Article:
"I'm outta here," announced the actress who had been playing the part of Arachne in the Broadway musical Spider-Man: Turn Off the Dark.
It was clear that she could hardly control her relief as she spoke to reporters, just before exiting the theater for the last time. She said, "It was bad enough, during performances, when they hung me upside down and spun me around in order to dazzle the audience. But then, when I got hit with a rope -- well, that was the last straw. Believe me, a concussion is no fun."
The exhausted actress took a deep breath, rubbed her injured head, and wiped away a few tears. Then she continued, "What a disaster. And if Spider-Man had any balls, any balls at all, he just never would have allowed it. A pox on his house."
She stopped for a moment to do a quick inventory of the belongings she had packed to take home from the theater: a first-aid kit, extra bandages for her head, pills for nausea, and a helmet with a protective suit of armor that she had been wearing under her costume in an unsuccessful attempt to stay safe.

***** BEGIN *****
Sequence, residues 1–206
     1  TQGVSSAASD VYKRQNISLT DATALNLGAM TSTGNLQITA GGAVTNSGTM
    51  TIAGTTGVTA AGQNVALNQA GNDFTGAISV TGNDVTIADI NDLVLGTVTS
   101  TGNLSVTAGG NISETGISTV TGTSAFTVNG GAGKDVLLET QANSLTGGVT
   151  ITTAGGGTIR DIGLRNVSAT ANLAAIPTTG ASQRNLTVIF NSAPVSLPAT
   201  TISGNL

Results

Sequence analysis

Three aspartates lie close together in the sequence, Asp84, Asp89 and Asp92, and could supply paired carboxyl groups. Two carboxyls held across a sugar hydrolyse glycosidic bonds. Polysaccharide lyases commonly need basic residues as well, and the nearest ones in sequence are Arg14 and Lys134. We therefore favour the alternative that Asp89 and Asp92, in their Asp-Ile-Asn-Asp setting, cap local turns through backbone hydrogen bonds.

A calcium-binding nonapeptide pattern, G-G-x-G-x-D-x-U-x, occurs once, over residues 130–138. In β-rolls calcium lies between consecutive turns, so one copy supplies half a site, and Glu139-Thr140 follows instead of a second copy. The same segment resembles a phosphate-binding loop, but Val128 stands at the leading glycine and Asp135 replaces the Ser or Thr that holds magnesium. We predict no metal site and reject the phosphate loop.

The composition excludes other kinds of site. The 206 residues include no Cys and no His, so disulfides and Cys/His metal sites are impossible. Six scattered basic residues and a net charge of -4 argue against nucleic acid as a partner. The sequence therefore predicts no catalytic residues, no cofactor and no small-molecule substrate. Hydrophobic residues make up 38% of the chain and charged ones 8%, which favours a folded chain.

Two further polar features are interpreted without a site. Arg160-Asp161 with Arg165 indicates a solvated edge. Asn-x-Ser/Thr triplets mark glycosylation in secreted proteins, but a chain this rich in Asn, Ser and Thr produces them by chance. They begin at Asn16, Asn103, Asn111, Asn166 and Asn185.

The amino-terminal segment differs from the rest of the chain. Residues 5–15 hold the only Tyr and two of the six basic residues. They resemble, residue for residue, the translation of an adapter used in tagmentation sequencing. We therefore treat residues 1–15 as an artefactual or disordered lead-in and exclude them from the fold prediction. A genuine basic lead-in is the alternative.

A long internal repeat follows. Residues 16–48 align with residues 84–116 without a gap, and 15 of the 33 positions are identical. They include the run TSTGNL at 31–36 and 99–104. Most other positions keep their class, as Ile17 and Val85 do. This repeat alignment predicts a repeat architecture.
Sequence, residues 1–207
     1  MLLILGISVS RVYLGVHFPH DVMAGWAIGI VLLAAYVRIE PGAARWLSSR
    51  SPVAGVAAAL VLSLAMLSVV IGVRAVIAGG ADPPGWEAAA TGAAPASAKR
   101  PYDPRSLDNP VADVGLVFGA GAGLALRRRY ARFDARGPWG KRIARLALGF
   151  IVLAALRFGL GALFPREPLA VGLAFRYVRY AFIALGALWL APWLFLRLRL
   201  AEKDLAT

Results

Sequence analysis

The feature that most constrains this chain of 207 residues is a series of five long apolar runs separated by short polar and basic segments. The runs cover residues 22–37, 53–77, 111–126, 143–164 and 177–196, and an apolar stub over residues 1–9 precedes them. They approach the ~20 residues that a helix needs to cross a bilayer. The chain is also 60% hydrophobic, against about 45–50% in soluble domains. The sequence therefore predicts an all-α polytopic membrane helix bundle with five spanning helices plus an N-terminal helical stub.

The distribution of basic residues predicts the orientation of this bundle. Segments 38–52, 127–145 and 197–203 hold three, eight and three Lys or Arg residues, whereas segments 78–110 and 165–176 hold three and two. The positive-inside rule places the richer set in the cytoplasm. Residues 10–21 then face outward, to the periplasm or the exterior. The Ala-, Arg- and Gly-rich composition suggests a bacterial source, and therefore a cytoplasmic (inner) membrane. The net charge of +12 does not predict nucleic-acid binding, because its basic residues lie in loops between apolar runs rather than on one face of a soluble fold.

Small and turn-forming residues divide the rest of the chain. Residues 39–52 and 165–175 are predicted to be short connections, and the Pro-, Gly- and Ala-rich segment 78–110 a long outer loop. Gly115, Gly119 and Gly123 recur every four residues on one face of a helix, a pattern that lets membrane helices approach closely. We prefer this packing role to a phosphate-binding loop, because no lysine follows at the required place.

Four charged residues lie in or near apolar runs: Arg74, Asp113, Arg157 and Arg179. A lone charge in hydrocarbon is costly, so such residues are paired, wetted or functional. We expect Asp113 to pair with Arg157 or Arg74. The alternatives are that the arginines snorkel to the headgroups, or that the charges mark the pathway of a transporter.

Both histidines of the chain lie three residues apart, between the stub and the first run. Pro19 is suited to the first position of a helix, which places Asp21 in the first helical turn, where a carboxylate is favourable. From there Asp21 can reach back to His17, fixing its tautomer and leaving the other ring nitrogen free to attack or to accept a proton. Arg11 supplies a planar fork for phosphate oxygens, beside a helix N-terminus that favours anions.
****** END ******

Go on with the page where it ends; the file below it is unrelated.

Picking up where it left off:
Trying to remain upbeat, she confided that she was hoping to snag a role in a Superman musical that may be heading for Broadway. "Superman is 72 years old and knows how to treat a lady," she said confidently. "In fact he's giving me a lift home this afternoon."
Sure enough, a minute later, the Man of Steel appeared at the stage door and swooped the actress up in his arms. One leap (yes siree, he can still leap tall buildings in a single bound), and they were flying high. In deference to the hordes of folks on the ground, they remained in a holding pattern for a few minutes, circling the theater district and acknowledging the cheers of an elated Times Square crowd.
It was definitely a Cindy Adams ("Only in New York, kids, only in New York") moment.